Some off-roaders have the technical know-how and equipment to do most, if not all, their rig modifications themselves. If that's you, good on you! For the rest of us, here’s why and how to choose a quality 4x4 shop to help us install all the mods we might desire!
Now, this is actually “part 4” of the build or buy series but I’m tired of beating a dead horse with the list of wrongs that the local dealership sold us, so I decided to name this post something different. Recently we finally had our fill of trying to keep hub’s Jeep on the road (if we let off the steering wheel in five yards we’d be off the road, and his whole rig shook like crazy over 35 mph), so we took the beast to Northridge 4x4 Colorado for some proper fixin’! (If you haven’t heard, Northridge does high quality work, sells Jeep/off-road parts and accessories with consistently fast ship times, and is an all-around excellent shop for any trail-related or off-road needs).
What we found out with hub’s Jeep was this:
- Lift springs the dealer had put on were cheap crap that have settled a whole inch over one year’s time. These will be remedied with quality, high performing springs at some point in the near future.
- The high steer kit (put on by the dealer’s mod company) should not have been installed and it was put on incorrectly (drilled into the stock knuckles, which we now had to replace).
- Contributing to the severe vibration and pull was a lack of adequate tire balancing – a local tire shop had loaded up one tire with 9 oz. weight, and stacked/taped weights in another. (The tire shop told me they do this regularly but from what I can find it’s not a best practice).
What his Jeep actually needed to ensure proper steering and stabilization was:
- Steering Stabilizer (TeraFlex)
- Heavy Duty Drag Link Kit (JK Extreme)
- Knuckles (Factory)
Of note, Northridge did tell us that most of their recommended fixes would probably be covered by warranty if we went back to the dealership. Hub and I discussed this and we decided that our safety is more important than our dollars – meaning we’ve tried the dealership and their contracted mods shop several times, and we’ve ended up with a vehicle that still doesn’t drive like it should, so we no longer trust the dealer or their mods shop to work on this rig. We decided that the best decision for us at this point was to have it fixed right even if it cost us more. (This actually provides conclusive evidence to prove that buying a dealer-modified Jeep with warranty is actually way costlier than buying a stock vehicle and building it yourself – plus you run a big safety risk by driving cheap dealer mods).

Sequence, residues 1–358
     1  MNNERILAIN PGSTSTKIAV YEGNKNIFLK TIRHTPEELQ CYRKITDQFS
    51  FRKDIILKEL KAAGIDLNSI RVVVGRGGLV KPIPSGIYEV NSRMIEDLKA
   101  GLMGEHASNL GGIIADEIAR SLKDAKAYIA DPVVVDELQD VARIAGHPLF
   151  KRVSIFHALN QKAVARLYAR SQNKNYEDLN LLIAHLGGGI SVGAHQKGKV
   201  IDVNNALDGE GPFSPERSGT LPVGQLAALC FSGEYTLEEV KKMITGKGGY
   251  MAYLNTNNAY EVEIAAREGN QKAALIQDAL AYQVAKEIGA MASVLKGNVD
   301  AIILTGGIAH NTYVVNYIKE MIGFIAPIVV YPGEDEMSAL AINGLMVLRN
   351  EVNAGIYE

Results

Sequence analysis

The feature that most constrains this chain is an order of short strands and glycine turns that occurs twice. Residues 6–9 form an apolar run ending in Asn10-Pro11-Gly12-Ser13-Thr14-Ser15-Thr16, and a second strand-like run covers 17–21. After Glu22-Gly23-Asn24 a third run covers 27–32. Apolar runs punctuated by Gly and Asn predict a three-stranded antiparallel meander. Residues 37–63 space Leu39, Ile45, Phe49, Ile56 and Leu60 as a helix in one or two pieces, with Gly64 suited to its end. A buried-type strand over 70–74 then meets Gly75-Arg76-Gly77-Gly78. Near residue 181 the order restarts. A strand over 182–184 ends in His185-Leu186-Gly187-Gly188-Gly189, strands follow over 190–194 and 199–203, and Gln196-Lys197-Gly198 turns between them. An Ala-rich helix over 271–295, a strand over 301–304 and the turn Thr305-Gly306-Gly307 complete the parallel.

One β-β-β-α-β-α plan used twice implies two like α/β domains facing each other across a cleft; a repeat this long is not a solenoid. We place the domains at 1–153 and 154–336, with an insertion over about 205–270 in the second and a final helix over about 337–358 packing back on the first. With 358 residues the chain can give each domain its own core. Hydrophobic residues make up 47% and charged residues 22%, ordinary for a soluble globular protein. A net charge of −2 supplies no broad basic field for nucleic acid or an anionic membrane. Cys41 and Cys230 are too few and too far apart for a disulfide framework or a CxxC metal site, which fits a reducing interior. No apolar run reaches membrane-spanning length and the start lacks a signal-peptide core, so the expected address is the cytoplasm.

Anyhow, Northridge kept hub’s Jeep for a couple weeks, diagnosed the issues, ordered parts plus installed the correct items, and test drove to ensure it was fixed. The result was an astounding difference in road handling and driveability! The first time I drove it post-fix I let go of the steering wheel and literally 100 yards down the road it was still driving straight with no help from me! Woo-hoo! It still needs better tires because the current ones can’t be balanced adequately so that’s a work in progress. Northridge also installed a set of Rancho shocks that I’d won in the raffle at their Open House this year, tightened up the tire carrier so the spare tire isn’t rattling around anymore, placed a handle-keeper on the hi-lift jack to reduce vibration, and installed our requested set of back-up lights that are wired to light up in reverse to provide better visibility when backing up.
In short, Northridge has done it again – great service, stellar work, and excellent communication (they provide a quote up front and if anything changes they let us know and then provide updated pricing so we know what we're in for when the bill comes due).
At the end of the day, what matters is road and trail safety. The quality work done by Northridge costs more than what a dealership will provide but it’s well worth it so we can drive and wheel safely. A Jeep is no good if it doesn’t perform as it should.
For contrast, here's my Jeep then and now, built entirely by Northridge - and it practically drives itself!
So, how do you find a quality mods shop if you’re just starting out with an off-road vehicle?
- Talk to other wheelers at group trail runs, especially those with mods you like, and see where they had the work done.
- Whenever you see a modified Jeep (in the mall parking lot, downtown, at the grocery store, wherever!), talk to the driver if possible and see where their mods were done. However, also make sure the mods were tried on trail – and ask how they’ve performed. Bling is no good if it stays at the mall.
- Join a good, respectable, and reputable Facebook group and ask for mod shop recommendations.
- If you have a basic mechanic shop you trust (such as for oil changes or other basic repairs) you might ask them for a local 4x4 shop recommendation; ideally ask a mechanic who’s also an off-roader – you want to ensure the recommendation comes from someone with time spent on trail.
- If you’re in Colorado check out my Jeep page for links to several area shops that do top quality work.
Thanks for reading, happy modding, and stay safe on the trails!